Please can some pro's advise??

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astarsound's picture
User offline. Last seen 7 years 27 weeks ago. Offline
Joined: 01/06/2010
Points: 7

I'm trying to work out whether I can record a band onto a 24 track hard drive at 24bit 96Khz with reaonably good convertors, but by no means the best, with an ok mixer, preamps not amazing and import the wavs into a much more superior system and make it sound good. Or do I have to nail it from the start of the recording? I'm limited to budget and it would be good to use my own equipment to record, but take the recordings to a high end pro system to get the finishing touch.
My equipment is:
Mackie Onyx 1640 mixer

recording onto a

Mackie SDR24/96

I have reasonable mics

Shure SM58's & 57's
Audix D6 kick
AKG C1000's
Sennheiser E604's
AKG Solid Tube

Or do I need to sell the lot and save for a good mixer with good pre amps and buy either a DAW with seperate excellent convertors or a very good Hard disc recorder like the Tascam X 48?

Helpful advice from anyone would be most appreciated especially if you have a lot of good experience in recording.

Thank you


studio139's picture
User offline. Last seen 7 years 50 weeks ago. Offline
Joined: 02/26/2010
Points: 220
Equipment List

The Onyx Preamps are excellent, and while the rest of the board
is pretty basic, you really don't need anything but the preamps to
get a good clean signal to the recorder. ( I don't know if the board
uses an analog or digital connection to the SDR, which could potentially
compromise the signal... ) Depending on the instrumentation and size
of the band it sounds like you have enough microphones that are suitable
to the standard four piece band. You might consider a JDI direct box
for the bass, even if you mic the cabinet, because it is better suited to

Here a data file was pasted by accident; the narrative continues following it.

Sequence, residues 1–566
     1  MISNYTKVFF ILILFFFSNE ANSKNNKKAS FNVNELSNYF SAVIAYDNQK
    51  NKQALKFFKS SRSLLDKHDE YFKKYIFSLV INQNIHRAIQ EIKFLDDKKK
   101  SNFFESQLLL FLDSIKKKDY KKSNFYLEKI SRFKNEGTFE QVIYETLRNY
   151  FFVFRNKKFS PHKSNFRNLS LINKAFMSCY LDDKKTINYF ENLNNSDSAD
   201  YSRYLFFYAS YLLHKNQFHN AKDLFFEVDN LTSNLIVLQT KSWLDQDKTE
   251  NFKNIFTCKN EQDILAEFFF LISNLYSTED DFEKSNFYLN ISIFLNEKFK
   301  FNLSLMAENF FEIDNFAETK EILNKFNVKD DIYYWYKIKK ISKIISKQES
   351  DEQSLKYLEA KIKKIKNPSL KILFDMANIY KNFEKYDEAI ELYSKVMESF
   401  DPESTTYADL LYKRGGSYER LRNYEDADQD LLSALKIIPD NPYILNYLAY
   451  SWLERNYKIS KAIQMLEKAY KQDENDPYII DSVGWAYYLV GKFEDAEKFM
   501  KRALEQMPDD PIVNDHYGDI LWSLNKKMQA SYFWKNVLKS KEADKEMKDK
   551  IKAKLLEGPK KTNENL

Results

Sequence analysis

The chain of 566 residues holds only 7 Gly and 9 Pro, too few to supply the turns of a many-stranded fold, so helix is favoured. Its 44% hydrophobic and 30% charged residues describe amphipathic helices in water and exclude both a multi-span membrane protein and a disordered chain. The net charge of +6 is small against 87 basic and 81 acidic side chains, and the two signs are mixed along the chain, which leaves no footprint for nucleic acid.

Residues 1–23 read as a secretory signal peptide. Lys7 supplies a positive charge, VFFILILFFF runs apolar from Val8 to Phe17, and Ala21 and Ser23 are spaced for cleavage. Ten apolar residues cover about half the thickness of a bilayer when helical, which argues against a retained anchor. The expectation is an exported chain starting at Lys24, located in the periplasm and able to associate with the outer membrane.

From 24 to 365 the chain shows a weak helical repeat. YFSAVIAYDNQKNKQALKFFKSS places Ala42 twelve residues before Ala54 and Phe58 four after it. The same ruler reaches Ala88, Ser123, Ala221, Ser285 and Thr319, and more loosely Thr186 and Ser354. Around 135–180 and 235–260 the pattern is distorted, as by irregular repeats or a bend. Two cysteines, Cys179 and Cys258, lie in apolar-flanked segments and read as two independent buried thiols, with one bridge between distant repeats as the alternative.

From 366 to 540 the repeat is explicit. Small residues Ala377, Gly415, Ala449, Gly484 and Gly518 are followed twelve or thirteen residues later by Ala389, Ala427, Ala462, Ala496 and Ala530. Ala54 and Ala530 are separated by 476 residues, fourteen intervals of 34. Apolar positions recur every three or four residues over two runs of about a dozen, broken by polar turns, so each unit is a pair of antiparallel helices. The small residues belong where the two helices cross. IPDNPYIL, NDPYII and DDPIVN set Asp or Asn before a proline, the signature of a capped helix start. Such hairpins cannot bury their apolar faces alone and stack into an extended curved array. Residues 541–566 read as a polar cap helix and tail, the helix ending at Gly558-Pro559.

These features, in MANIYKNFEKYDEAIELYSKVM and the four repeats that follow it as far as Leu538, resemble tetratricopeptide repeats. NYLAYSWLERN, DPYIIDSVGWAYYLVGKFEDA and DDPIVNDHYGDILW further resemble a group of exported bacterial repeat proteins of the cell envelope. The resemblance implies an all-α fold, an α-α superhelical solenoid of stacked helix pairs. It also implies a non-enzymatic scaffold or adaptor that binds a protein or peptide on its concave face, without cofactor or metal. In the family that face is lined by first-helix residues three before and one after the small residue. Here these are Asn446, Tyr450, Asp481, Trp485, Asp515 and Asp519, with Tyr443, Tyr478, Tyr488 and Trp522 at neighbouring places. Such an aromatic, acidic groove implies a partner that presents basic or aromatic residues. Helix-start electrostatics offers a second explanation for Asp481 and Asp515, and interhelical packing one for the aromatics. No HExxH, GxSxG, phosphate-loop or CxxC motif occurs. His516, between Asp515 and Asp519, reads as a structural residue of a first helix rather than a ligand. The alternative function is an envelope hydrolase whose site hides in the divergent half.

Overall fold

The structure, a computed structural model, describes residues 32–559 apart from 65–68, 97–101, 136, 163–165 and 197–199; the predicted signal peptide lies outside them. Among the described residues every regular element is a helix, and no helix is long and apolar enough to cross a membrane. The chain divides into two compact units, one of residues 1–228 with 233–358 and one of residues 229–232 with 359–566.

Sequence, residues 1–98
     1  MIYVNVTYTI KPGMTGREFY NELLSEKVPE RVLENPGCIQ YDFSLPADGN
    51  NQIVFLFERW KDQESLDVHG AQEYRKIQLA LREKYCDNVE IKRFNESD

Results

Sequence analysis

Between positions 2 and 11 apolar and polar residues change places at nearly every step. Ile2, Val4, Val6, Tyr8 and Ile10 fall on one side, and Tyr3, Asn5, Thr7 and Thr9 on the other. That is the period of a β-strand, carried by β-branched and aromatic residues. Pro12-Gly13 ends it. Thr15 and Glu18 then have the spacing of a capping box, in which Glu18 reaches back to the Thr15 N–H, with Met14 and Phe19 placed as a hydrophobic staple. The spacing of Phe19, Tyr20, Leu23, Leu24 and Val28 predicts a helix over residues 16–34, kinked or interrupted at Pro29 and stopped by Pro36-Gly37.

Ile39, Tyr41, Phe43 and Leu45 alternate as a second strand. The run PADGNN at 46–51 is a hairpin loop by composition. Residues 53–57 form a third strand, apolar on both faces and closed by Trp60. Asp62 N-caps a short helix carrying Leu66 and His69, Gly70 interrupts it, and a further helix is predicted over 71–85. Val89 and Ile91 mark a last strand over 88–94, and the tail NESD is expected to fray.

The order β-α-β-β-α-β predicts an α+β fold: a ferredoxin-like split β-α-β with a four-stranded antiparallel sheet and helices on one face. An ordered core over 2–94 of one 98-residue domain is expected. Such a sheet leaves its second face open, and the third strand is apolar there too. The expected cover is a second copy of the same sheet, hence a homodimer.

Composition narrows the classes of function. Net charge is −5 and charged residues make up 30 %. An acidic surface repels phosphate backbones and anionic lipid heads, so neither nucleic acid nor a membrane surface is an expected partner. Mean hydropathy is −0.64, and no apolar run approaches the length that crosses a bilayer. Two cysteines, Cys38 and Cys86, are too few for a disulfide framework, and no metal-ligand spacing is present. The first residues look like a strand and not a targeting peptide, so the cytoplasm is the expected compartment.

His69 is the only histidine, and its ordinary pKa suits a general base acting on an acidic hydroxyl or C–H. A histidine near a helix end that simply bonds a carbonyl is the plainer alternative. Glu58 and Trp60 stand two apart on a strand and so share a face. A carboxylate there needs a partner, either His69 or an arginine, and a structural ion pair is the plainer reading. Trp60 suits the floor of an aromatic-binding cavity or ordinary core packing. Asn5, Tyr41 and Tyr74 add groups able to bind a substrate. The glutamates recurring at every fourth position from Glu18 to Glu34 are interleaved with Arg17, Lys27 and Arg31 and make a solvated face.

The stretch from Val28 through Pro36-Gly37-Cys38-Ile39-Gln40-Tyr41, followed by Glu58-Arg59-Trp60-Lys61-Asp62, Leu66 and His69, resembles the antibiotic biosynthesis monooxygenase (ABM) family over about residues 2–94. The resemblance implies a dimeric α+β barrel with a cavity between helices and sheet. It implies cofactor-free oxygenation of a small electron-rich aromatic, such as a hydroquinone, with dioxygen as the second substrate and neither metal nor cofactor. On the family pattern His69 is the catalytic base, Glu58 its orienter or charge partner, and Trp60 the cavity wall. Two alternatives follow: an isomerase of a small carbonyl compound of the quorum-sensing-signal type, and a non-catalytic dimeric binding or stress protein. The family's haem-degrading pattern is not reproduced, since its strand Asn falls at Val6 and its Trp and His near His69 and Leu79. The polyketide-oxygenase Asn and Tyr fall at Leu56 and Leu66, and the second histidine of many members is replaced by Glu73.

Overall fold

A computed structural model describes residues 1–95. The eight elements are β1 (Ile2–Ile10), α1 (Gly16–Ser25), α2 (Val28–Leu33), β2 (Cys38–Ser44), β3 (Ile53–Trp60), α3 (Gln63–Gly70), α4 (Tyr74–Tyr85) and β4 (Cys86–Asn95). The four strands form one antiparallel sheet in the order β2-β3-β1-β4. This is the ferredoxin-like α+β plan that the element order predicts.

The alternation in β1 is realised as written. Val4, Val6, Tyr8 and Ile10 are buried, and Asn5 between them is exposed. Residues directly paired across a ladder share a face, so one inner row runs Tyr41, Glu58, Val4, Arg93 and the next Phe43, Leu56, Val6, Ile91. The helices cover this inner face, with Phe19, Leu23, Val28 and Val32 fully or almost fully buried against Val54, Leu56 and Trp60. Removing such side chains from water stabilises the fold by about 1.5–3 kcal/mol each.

the job than the Mackie DI on the board. Use the shortest cable runs
you can, make sure your cables are of similar quality. Plan out instrument
placement for best separation and isolation ( assuming you cut the basic
tracks live) and you should be able to get very good results that you can
take to a studio with better mixing capabilities and be happy with the results.
Two things to keep in mind. One, even though you may plan on just doing
guide vocals in the tracking session, be careful to set it up and record it as
if they were the final vocal overdub, and also spend the time getting the
sound you want with mic placement, as that is a huge time saver later.
( Not having to pay someone else to compensate for lack luster tone.)
That means check to test recording on speakers as well as headphones
if you can. Best of luck to you.

astarsound's picture
User offline. Last seen 7 years 27 weeks ago. Offline
Joined: 01/06/2010
Points: 7

Thanks for the advise.
I have used that set up as you have described and I'm happy with the results, but it would be nice to hear someone do it better than me and then show me what they done. All this trial and error stuff can really take time. I'm not affraid of hard work and effort, but I don't like flogging a dead horse.
Main problem is not having a control room in the areas that I'm recording in. Trying to guess a good sound is almost impossible and listening back in an untreated room is pretty tricky too.
I managed to get a really good drum sound on one of my recordings but came home and listened to a song and it made mine sound so amatuer. What I need is hours, days, weeks of try this and try that.
I have bought my lottery ticket, I'll let you know how I get on...

studio139's picture
User offline. Last seen 7 years 50 weeks ago. Offline
Joined: 02/26/2010
Points: 220
Other considerations

I am happy to pass on what I can.
Two additional thoughts, if you are tracking in an untreated room,
it can be helpful to have good pair of 'open back' headphones to check
the tracks with. You will want to used closed phones when tracking, but
as they enhance the bass and tighten up space, you won't get a accurate
impression of the raw recording.
The other thing, which may seem obvious, but in my experience is often
a problem, is the musicians are not prepared. To get the best recording,
everyone one needs to know their parts and have their instruments in tune.
While individual instruments may sound great on their own, do they conflict
with each other for the same spot in the sonic landscape? If the arrangement,
performance or instruments are off, then the whole recording will be off.
I agree that there is no getting around spending hours and hours learning,
this is something that you never get past, as you never can learn enough.
There was a great quote in "Tape Op' once, ( I forget who made it now... )
but the engineer said it and the essence was; "At any given point, every person
in the room feels like it will be discovered that they have no idea what their doing"
You know something that works two days in a row can suddenly sound awful
without any component having changed. All that being said, a poor recording
of a great song played with heart will always trump a highly polished track
that is devoid of soul. Best of luck.